Gabriela: Yeah. So that's the hard part. Yeah, so I guess to take you through the day, you're so optimistic at 9:00 AM when you get started and you get your edits approved and you're like, "Okay, I'm going to file this by like 4:00 PM or tomorrow or whatever." And even, so at Modern Retail, we do have a very high standard, even new stories do you have to have original reporting or analysis data. So I do have to literally go out and well not go out but find them. So that's when you kind of have to jump in and a lot of times it's easier to plan when it's ahead of time, but that's not always possible. So you start reaching out to your sources, analysts, kind of your Rolodex of people, the company itself, if they're involved. And then you kind of just play this, I don't know, praying ball where you kind of just hope that everything comes back together and on the phone with people and yeah, it's very adrenaline rush-focused. And when it doesn't, then you kind of have to go back to the drawing board and see what you could salvage.

    Her Work Inbox

    Beck: So let's talk about the inbox.

    Gabriela: Yeah, I do try to at least open them and like see and then I'll just either leave it in there. I try not to delete them because again, like if you search-

    Beck: Oh, so you're a non-deleter. Okay. So some people are deleters.

    Gabriela: I used to be a deleter and then realized I might need them later and I know it's very selfish but it works for me.

    Beck: No helpful. Okay, so we want to talk about this, the inbox. How does your inbox look? Is it like 85% pitches? What do you do with all these pitches? Tell us more.

    Gabriela: Yeah, my Modern Retail email, I mean like right now it's at two.

    Beck: Wow, that's amazing. Do you get to zero every day?

    Gabriela: Pretty much. I try too. Well I think it goes back to the thing where it's like, just because it's at zero doesn't mean I reply to all of them, which is a habit that is just really hard to, I don't know, get into. But at least when I know I opened them, then if they follow up, this is not a prompt to follow up with you.

    Her Thoughts on Pitching

    Beck: Okay, so that's your inbox. Basically what we got from this is you technically open every single pitch.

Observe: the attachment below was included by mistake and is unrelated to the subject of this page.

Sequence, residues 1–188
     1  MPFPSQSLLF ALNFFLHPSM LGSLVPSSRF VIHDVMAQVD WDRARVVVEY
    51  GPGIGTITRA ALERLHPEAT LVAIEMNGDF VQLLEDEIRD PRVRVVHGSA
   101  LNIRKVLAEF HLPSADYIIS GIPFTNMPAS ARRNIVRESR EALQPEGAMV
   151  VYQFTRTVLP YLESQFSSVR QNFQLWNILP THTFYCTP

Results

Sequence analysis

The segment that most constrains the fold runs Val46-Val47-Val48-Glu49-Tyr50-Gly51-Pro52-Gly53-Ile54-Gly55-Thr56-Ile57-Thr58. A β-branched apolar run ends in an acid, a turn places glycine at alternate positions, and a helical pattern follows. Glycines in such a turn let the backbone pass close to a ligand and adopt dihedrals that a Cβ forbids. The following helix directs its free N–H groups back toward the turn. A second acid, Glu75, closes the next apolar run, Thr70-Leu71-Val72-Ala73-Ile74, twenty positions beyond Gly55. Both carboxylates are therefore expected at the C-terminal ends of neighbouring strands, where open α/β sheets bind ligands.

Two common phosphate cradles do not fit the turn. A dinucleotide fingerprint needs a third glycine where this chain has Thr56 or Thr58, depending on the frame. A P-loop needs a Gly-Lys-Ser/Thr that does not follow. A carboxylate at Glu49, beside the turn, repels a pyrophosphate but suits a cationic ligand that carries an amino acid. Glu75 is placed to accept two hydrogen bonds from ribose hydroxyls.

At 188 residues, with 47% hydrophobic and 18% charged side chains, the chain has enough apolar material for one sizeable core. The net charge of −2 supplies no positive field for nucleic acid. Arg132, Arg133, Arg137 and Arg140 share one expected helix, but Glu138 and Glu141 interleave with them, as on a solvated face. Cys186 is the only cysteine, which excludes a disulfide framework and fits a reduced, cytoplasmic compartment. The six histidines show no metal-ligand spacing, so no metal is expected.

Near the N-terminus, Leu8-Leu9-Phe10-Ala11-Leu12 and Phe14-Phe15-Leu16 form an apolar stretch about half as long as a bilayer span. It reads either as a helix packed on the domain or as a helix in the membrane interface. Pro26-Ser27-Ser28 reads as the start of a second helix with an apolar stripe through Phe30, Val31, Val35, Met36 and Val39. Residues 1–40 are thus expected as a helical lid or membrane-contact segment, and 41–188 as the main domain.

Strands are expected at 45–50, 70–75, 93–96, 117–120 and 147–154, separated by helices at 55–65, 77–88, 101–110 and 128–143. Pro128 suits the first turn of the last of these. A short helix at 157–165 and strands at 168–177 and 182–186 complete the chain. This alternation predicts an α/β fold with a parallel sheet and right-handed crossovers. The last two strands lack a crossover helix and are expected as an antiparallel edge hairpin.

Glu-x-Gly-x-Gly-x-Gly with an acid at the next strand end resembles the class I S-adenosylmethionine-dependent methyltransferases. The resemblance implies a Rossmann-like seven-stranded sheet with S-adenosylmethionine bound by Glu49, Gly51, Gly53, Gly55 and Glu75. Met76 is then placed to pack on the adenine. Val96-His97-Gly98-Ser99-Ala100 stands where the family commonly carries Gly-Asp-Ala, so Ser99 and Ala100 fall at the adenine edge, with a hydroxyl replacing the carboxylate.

Gabriela: Yes.

    Beck: And you keep every single one of them?

    Gabriela: Yes.

    Beck: Wow. How many, could you give us like a range of how many are you getting? Are you getting like 200 a day? 100 a day?

    Gabriela: You know what it is? I think because I haven't been specifically in Modern Retail too long, I don't have as many, I guess as most people would've been at a staff writer job for years. But the email is in my bio on Twitter, so it's not like I'm-

    Beck: That's true. Hopefully then more people will find you too.

    Gabriela: Mm-hmm (affirmative), yeah.

    Beck: Yes, because every pitch will be read technically. This is great.

    Gabriela: Yeah, I mean one thing that's hard, especially when you pivot your focus is like, I will get pitches that I would have maybe written at my previous job at The Observer because a lot of're on these lists.

    Beck: Your contacts.

    Gabriela: Yeah, they're like, "Well you're a...for her, why won't you write about this?" And I'm like, well technically I'm not really want any more. Yeah, so there's a lot of, it feels like you kind of have to rebrand as a person to people. When you are-

    Beck: You changed?

    Gabriela: Yeah, exactly. Even if they're just a slight pivot, it still feels like you have to tell them and there's always like a disappointed reply.

    Beck: Well, they got to update their contacts lists.

    Gabriela: Exactly, but that's my inbox for now.


    Love getting the 411 from awesome tech journalists like Gabriela? Be sure to check out more episodes of Coffee with a Journalist dropping every Tuesday! Our new bi-monthly Twitter chatTwitter with a Journalist”(#TWJchat) also has unique insights from journalists about pitching and more. Follow the conversation on Twitter HERE!